One of my absolute, all-time favorite film series doesn’t feature any special effects or crazy stunts. What the The Trip movies do feature are two of the most engaging and often hilarious human beings on the planet, who only seem to get exponentially funny when they are in a vehicle together or across a dinner table from one another. For about 10 years now, Rob Brydon and Steve Coogan have teamed with director Michael Winterbottom for four journeys through different countries, visiting significant landmarks and eating some of the best food available in Europe.
Not documentaries but not entirely fiction either, The Trip series is the loosely scripted, largely improvised tale of these two very different, very silly men begrudgingly traveling together for the purposes of magazine articles or books chronicling their adventures. Along the way, they give brief history lessons and witty observations about the locations, which have previously included the English countryside (The Trip), Spain (The Trip to Spain) and Italy (The Trip to Italy). It should also be noted that the films are actually pared-down versions of much longer TV series (running about three hours total; the films usually run just under two hours).
The latest, The Trip to Greece, is meant to be the final installment, and I hope this isn’t true because there are still so many picturesque places for these two to visit. But the rather somber conclusion of this film leads me to believe this may mark the end of the road for our travelers. Without the usual prologue of getting Brydon and Coogan (both playing versions of themselves) out of London and on the road, Greece begins with the pair on the verge of hopping a ferry from Troy in Turkey and crossing the Aegean Sea into Greece. The plan is for the actors to follow in the post-Trojan War footsteps of Odysseus in The Odyssey, which takes place over 10 years (the fact that these films began about 10 years ago may have factored into deciding upon this path) and ends in Ithaca. Their trip will include trading verbal jabs, celebrity impersonations, and the occasional personal detail.
The conceit of The Trip movies is that these two aren’t really that close as friends. Coogan seems blissfully disinterested in Brydon’s stories of marital and familial contentment, instead coming across as comically conceited and more focused on his career and the accolades that result (in the previous film, which took place shortly after Coogan was twice Oscar nominated for co-writing/producing Philomena, he was almost unbearably high on himself). But we always seem to catch him as his acting jobs are drying up and interest in him is waning. Brydon’s persona is more easy going; he’s less popular outside of the United States, but he doesn’t care. He’s beloved, whereas Coogan has a reputation as being something of a dick (at least in The Trip‘s cinematic universe). They poke relentless fun at the other’s position in the entertainment world, and their pain is our hysterical joy.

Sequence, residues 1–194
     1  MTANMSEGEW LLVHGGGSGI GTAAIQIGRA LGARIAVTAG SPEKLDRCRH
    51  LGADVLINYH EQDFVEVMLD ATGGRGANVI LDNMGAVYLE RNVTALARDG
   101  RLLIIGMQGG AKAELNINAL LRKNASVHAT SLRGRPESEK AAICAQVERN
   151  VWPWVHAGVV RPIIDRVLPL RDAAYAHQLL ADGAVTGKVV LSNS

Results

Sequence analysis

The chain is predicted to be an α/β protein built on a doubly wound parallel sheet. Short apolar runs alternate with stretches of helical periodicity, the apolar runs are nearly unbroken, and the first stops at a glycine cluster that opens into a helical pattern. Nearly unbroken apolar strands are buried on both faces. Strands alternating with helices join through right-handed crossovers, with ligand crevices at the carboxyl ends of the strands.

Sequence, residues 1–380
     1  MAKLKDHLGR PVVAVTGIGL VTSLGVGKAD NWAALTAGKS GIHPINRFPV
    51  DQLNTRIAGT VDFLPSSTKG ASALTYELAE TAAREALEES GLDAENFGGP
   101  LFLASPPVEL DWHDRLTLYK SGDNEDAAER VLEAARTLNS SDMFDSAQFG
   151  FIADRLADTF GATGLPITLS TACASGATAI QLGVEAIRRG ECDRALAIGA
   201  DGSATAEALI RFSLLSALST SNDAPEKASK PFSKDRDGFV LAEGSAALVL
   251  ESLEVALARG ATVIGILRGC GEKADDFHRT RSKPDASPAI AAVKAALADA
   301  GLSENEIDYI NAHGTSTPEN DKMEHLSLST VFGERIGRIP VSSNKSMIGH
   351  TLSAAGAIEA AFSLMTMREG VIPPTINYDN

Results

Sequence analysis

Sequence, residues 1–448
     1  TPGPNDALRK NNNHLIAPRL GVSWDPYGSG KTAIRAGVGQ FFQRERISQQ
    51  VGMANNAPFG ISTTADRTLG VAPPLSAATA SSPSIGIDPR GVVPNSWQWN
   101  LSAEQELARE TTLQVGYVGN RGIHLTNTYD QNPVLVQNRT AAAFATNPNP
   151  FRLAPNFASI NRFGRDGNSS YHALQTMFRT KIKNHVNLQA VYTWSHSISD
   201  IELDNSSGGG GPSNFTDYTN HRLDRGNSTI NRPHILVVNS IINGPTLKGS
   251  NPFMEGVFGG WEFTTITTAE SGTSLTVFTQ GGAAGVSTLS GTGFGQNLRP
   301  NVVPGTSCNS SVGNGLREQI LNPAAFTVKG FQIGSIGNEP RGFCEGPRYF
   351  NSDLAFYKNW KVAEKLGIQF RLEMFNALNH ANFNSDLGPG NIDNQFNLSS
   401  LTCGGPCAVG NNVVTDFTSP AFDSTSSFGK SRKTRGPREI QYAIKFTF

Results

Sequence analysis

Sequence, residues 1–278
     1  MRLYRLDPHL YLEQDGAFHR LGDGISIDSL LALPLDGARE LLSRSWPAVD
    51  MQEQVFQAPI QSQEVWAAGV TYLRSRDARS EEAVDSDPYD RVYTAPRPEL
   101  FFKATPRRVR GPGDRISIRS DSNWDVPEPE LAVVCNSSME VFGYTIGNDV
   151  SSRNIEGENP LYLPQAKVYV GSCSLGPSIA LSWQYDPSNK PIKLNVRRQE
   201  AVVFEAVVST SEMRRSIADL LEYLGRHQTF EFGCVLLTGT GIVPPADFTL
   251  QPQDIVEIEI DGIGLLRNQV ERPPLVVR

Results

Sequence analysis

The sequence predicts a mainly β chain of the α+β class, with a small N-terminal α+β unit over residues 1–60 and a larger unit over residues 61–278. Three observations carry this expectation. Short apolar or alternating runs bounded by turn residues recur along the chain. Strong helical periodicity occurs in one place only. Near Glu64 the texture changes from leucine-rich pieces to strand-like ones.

Whether Coogan and Brydon actually enjoy each other’s company seems to depend on the moment. The real appeal of the film is the meals, which we usually see expertly prepared in Michelin-starred kitchens and served with a detailed explanation of each course. In these moments (which often involve drinks), the two men are at their finest, as friends and jokesters. In every installment, they are joined for a day by Coogan’s assistant Emma (Claire Keelan) and photographer Yolanda (Marta Barrio) for a photo shoot to accompany the article. But in all four chapters, Coogan ends up sleeping with Yolanda, while Brydon and Emma explore whatever city they happen to be in. It’s a routine that I’ve grown to look forward to, because it’s the one time in each movie where the actors have an actual audience, and they turn the humor up to extreme degrees.
The other constant in The Trip movies is Coogan’s son Joe (Timothy Leach), who we’ve seen go from moody teenager in the first film to dutiful young father here. In the background of The Trip to Greece, Coogan is dealing with a family matter back home, and thinking it isn’t urgent enough to cut the journey short, he lets Joe handle things until they become too much for even this responsible young man. And it’s this element of the movie that pushes the series into territory it hasn’t really gone before now. It drives home messages about the passage of time, and the results are the most dramatic and moving moments these films have ever given us.
It seems almost impossible for these movies to be anything but satisfying and wholly entertaining, but I hadn’t expected them to approach poignant the way this one does here. But it’s the kind of poignancy that can only be achieved by having spent so much time with these two men. The Trip films are like visiting old friends that we don’t see often. But when we do, we can pick things up right where we left off. That’s the mark of true intimacy, and it’s the quality that makes these stories so universal, even if we’ll never get to visit these exotic locations on someone else’s dime.
The film will be available this Friday via cable and digital VOD.
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